Author(s): Adam Claasen
More than 1000 New Zealanders served in the Royal Flying Corps, Royal Naval Air Service and the Royal Air Force.
Several, including Sir Keith Park, later became senior air commanders of the Second World War. Among them were leading air aces, including Keith Caldwell, Ronald Bannerman and the famous tennis player Anthony Wilding. A special type of New Zealander who craved risk and adventure, and who loved speed and engines, they went up in tiny, fragile aircraft to face enormous danger. If they survived their training -- and many did not -- then they had to survive encountering the German air aces.
Historian Adam Claasen tells their fascinating and little-known story, and explains how their courage enabled military aviation to develop.
Longlisted for 2018 Ockham NZ Book Awards - The Royal Society Te Apārangi Award for General Non-Fiction.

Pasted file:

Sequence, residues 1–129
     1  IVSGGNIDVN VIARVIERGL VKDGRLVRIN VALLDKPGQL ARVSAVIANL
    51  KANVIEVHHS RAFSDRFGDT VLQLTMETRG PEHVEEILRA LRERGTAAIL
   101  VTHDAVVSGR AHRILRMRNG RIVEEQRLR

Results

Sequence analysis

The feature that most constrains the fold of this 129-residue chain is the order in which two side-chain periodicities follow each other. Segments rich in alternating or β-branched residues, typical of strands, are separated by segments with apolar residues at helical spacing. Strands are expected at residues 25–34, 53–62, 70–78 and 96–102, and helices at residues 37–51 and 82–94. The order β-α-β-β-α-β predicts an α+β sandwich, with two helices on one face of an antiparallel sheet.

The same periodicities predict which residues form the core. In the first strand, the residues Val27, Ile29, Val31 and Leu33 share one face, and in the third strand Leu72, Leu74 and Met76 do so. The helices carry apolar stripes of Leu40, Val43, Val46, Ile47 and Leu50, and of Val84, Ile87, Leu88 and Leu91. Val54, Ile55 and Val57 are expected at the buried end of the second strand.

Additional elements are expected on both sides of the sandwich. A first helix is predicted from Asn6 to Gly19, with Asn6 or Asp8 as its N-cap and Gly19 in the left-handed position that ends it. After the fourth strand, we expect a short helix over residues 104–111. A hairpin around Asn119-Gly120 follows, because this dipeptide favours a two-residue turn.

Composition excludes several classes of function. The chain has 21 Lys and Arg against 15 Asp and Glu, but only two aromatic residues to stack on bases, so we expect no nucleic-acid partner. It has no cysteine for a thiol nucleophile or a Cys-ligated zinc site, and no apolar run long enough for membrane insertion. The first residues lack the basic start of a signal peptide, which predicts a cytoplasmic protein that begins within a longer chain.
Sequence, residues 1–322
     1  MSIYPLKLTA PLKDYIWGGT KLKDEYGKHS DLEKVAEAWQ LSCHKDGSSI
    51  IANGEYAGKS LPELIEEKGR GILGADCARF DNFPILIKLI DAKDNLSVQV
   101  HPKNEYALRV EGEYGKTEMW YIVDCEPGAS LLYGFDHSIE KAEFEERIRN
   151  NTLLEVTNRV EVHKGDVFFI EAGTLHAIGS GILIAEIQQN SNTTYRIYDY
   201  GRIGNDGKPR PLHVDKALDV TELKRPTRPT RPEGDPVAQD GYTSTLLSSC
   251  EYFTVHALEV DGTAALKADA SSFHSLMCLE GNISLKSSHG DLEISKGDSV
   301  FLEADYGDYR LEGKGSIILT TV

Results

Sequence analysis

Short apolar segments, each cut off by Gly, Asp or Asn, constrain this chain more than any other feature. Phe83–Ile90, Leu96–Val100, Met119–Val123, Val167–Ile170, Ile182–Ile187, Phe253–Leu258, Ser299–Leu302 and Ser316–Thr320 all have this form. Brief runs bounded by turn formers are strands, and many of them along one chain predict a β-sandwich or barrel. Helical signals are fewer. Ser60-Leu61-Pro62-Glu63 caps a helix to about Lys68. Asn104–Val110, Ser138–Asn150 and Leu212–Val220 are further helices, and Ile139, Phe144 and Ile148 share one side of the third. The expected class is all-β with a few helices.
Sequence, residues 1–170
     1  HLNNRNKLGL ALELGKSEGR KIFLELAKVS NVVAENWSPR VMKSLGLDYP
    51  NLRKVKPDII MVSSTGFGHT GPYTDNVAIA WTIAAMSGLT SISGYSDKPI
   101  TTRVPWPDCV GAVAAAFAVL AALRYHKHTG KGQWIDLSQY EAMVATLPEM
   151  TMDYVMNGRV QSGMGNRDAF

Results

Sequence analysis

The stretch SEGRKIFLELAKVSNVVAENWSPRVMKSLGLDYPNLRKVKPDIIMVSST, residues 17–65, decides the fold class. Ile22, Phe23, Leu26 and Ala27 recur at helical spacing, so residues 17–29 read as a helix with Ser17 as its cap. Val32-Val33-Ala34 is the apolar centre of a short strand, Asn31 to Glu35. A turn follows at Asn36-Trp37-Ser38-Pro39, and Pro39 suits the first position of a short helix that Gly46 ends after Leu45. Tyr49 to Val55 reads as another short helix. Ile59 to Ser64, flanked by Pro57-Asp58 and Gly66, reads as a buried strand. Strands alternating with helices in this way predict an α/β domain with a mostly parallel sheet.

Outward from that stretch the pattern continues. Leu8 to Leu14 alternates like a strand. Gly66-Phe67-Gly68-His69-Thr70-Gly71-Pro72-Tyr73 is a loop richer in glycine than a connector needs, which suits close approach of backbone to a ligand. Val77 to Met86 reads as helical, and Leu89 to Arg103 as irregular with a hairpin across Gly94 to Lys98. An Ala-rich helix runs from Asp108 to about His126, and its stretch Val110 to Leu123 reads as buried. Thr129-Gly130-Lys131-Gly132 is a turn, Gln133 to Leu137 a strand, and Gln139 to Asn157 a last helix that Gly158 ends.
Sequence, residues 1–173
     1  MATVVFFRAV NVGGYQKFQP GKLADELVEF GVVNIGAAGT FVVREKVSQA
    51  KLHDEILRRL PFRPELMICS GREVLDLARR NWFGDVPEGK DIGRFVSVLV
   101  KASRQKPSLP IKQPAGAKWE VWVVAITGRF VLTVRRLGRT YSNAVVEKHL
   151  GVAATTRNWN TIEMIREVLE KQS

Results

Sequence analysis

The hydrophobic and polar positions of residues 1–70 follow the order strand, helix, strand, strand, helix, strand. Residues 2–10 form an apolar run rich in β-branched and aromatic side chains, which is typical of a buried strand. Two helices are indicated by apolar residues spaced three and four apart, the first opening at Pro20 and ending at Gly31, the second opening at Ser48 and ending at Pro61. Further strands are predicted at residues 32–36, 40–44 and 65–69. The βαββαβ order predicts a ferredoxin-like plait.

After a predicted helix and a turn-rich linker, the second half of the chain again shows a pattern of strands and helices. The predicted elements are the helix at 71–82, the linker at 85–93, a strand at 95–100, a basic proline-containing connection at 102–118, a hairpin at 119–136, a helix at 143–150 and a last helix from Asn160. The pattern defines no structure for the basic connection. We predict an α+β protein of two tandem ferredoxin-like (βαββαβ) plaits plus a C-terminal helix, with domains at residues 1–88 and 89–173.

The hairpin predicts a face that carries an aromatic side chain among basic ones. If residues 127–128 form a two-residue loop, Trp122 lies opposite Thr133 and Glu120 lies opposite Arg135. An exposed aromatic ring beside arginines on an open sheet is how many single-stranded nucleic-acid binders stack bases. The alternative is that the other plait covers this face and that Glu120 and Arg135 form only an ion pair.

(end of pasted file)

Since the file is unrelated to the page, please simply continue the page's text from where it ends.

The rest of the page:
Adam Claasen is a senior lecturer in history at Massey University's Albany campus. Adam's teaching and research is focused on the New Zealand military experience, German history, the Second World War in Europe and the relationship between film and history. He has received a Smithsonian Institution Fellowship, was the Fulbright Visiting Lecturer in New Zealand Studies at Georgetown University, and has been presented with a Vice-Chancellor's Award for Sustained Excellence in Teaching. His doctoral thesis was published as Hitler's Northern War: the Luftwaffe's Ill-fated Campaign, 1940-1945 (Kansas UP, 2001). More recently he has written on the part played by New Zealand and Australian airmen in the Battle of Britain: Dogfight: the Battle of Britain (Exisle 2011). He has presented conference papers and published articles in scholarly journals on military intelligence, the Luftwaffe, general airpower and geo-strategy in war.